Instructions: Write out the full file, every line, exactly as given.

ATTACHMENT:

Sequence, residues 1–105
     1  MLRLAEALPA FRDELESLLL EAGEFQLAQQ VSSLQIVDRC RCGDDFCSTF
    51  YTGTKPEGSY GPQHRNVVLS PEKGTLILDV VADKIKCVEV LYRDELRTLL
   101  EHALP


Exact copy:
Sequence, residues 1–105
     1  MLRLAEALPA FRDELESLLL EAGEFQLAQQ VSSLQIVDRC RCGDDFCSTF
    51  YTGTKPEGSY GPQHRNVVLS PEKGTLILDV VADKIKCVEV LYRDELRTLL
   101  EHALP